Mermaids, part woman, part fish. Sirens, part woman, part bird. Their natural environs, water. While mermaids swim with a gentler reputation, sirens are branded by their seductive powers, luring seafarers to their destruction on treacherous rocks. How are they represented in the recording catalogue?
Hans Christian Andersen’s tale of The Little Mermaid, first published in 1837, has delighted generations of readers and been adapted to various media. Two examples are transformations into symphonic works that were written around the turn of the 20th century.
The Austrian composer Alexander Zemlinsky (1871–1942) completed his 40-minute symphonic fantasy Die Seejungfrau (The Mermaid) in 1903 (8.570240). First performed in 1905, with the composer conducting, it was well received by the audience. Unfortunately, critical attention focused largely on the work in the second half of the programme, Arnold Schoenberg’s symphonic poem Pelleas und Melisande (8.557527). Sadly, Zemlinsky soon lost interest in his work and it languished in obscurity until many years after his death; happily, the work’s fine music is now much better known to audiences. The three movements closely follow the course of Andersen’s story. Here’s an extract from the second movement.
Eugen d’Albert (1864–1932), the Scottish-born German composer, was a titan of the keyboard and one of the greatest virtuosi of his age. A pupil of Liszt (who dubbed the young man ‘Albertus Magnus’) d’Albert was also devoted to composition; his output included nineteen operas which demonstrated the narrative excitement he could generate. His rarely performed Das Seejungfräulein (8.573110) is scored for soprano and orchestra. It was written in 1897 and intended for performance by d’Albert’s third wife, the singer Hermine Finck. It reveals a Wagnerian influence, with its theatrical self-confidence, skilful orchestration and strong, exciting themes. Cast in a single movement, here’s part of the central section.
From mermaids to sirens, more seductive and sinister, and to a symphonic poem written around the same time as the works already heard, but from the pen of Russian composer, Reinhold Glière (1875–1956). His symphonic poem Sirens (8.550898), completed in 1908, provides an evocative picture of the ripples and undulations surrounding the enchantresses that lured sailors to their doom.
Born in 1923, the American composer Ned Rorem composed his Flute Concerto (8.559278) in 2002 in response to a commission from the Philadelphia Orchestra, and partly to a perceived lack of repertoire for flute and large orchestra. Deciding on a title for the work was an additional challenge. Rorem wrote:
“The hardest part about composing a piece like this lies in finding an accurate title. “Suite” might have seem apt for a series of loosely related movements. “Six Pieces for Flute and Orchestra” could even be more precise. “Odyssey” was my first thought, when I’d planned to use descriptive subtitles from Homer. If I fall back on “Concerto”—which, over the centuries, has as many definitions as definers—it’s from sheer practicality.”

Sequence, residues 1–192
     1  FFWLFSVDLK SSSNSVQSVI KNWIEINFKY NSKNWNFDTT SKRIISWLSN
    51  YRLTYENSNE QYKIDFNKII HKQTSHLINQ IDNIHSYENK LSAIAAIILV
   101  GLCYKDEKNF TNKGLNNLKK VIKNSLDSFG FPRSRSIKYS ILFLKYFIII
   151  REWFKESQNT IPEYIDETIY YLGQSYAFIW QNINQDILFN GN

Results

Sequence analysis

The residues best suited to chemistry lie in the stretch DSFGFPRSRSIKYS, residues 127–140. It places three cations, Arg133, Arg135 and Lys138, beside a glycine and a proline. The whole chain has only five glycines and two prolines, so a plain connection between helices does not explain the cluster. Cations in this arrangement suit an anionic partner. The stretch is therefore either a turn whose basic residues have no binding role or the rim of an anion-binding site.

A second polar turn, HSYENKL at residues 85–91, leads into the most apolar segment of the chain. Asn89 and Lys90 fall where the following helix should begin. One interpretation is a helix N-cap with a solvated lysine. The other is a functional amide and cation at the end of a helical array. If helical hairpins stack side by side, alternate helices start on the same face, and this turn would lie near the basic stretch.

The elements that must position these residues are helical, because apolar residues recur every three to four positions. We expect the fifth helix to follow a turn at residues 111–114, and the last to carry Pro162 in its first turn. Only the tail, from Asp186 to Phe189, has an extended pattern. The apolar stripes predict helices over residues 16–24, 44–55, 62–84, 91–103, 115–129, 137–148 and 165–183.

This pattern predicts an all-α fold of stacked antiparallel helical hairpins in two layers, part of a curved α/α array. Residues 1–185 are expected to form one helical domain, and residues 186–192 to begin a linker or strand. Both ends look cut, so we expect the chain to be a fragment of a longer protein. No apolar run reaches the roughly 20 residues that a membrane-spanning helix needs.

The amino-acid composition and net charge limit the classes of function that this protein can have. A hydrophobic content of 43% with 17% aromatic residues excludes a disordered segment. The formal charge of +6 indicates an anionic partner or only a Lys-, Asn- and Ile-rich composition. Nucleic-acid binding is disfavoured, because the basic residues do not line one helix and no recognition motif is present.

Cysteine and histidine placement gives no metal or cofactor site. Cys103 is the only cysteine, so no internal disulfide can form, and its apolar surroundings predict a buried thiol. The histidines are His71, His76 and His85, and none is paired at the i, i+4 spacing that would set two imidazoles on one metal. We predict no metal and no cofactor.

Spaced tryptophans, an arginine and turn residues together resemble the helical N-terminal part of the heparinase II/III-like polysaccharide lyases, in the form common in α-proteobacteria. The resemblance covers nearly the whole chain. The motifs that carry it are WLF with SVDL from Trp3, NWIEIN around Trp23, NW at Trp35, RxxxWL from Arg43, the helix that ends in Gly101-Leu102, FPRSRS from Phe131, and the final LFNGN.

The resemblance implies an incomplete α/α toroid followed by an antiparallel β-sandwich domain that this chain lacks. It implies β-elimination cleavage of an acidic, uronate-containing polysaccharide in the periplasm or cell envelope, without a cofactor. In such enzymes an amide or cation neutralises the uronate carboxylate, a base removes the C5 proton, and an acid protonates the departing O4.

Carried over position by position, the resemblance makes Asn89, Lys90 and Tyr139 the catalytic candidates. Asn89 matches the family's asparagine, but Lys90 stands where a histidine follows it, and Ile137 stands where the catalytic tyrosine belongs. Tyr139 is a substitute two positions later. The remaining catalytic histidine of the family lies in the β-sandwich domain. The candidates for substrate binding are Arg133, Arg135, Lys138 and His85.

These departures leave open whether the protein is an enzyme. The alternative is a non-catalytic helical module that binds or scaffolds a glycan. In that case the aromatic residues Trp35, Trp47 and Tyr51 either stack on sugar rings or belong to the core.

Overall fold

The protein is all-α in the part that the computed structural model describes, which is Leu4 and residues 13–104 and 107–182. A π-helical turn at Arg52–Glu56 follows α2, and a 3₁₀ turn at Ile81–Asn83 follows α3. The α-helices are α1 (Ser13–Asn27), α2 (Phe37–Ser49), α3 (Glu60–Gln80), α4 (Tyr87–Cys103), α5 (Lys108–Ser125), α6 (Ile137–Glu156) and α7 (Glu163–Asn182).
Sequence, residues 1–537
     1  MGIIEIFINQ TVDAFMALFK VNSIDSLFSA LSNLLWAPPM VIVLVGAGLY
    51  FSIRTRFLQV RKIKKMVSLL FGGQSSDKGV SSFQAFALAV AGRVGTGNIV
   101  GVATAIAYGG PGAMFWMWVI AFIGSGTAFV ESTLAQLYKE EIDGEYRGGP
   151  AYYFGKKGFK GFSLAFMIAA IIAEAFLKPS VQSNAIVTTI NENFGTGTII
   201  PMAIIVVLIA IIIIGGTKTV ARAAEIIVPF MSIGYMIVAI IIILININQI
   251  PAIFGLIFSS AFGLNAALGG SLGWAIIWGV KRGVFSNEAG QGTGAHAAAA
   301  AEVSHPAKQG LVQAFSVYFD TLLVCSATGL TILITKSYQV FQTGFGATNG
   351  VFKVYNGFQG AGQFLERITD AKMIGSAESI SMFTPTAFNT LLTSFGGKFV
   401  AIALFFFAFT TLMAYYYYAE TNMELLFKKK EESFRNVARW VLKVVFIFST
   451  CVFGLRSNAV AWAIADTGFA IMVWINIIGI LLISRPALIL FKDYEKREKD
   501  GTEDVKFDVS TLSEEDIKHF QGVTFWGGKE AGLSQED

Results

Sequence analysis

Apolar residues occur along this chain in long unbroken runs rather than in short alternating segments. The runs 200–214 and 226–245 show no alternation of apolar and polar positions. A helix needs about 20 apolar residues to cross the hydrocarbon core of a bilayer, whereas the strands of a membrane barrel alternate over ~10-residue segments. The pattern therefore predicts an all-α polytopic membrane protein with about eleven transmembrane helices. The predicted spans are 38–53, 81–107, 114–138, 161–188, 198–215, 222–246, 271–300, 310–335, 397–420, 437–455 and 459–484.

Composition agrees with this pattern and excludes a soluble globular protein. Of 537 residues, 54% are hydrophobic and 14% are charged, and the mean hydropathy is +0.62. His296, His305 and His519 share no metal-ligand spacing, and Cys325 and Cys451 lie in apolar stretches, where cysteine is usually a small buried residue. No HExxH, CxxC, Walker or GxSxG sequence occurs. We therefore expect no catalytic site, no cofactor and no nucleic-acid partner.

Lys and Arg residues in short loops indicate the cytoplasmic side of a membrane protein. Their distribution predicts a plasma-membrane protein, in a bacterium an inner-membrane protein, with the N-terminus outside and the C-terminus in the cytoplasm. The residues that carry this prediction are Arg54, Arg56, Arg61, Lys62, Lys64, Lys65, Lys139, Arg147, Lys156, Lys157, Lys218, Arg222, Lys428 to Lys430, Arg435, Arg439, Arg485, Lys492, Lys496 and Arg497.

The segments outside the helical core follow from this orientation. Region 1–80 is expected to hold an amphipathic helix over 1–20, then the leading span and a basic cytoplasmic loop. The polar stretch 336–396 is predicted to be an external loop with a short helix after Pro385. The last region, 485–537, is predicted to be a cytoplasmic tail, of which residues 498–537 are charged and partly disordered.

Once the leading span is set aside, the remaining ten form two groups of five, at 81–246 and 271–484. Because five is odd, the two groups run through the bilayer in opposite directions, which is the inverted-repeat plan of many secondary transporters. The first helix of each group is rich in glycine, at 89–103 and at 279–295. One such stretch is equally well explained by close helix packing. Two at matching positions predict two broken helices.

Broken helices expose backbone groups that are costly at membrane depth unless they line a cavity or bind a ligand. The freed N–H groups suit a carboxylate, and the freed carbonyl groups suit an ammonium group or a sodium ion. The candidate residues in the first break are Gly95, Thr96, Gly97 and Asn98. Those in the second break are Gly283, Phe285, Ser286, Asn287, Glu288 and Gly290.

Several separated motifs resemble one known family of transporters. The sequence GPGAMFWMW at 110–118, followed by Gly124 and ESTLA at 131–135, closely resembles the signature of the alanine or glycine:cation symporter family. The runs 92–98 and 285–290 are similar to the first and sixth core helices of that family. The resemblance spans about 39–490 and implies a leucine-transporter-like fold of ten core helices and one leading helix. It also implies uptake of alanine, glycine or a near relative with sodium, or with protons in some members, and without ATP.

The work’s third movement, titled Sirens, is described by Rorem as an ambling succession of melodies and ripples.
Tony Banks (b. 1950), founder member of the rock band Genesis, conceived his SIX Pieces for Orchestra (8.572986) as six evocative songs without words which may evoke in the listener ideas of seduction, journey, hero, quest, decision and goal. Two of the pieces feature solo instruments—alto saxophone in Siren and violin in Blade—which mesh into Banks’s orchestral tapestry with bewitching effect. Here’s the closing section of Siren.
In his Circus Maximus (8.559601) American composer John Corigliano puts an intriguing interpretation onto the television screen as a seductress that beguiles us into keeping the set switched on. He draws a parallel between the entertainment industry of today’s available 500-plus channels and “ …the Circus Maximus of ancient Rome which was a real place—the largest arena in the world. 300,000 spectators were entertained by chariot races, hunts, and battles. The Roman need for grander and wilder amusement grew as its empire declined. The parallels between the high decadence of Rome and our present time are obvious.”
The work was conceived spatially, with the forces of a large concert band encircling the audience. In the second movement, Screen/Siren, a saxophone quartet and string bass call from the 2nd tier boxes in seductive inflections, while other instruments scattered around the hall (clarinet, piccolo, horns, trumpet) echo the calls.
Finally, and on the cusp of marking the centenary of his death next month, to Debussy’s 3-movement orchestral suite Nocturnes (8.570993), which was originally planned as a series of pieces for the famous Belgian violinist Eugène Ysaÿe. The final orchestral version was completed in 1900. The third movement, Sirènes (Sirens) paints a picture of the sea in full majesty, beauty and variety, foreshadowing his symphonic sketches La mer. Portraying their mythological role in luring sailors to their doom, the song of the Sirens is hauntingly represented by a wordless female chorus.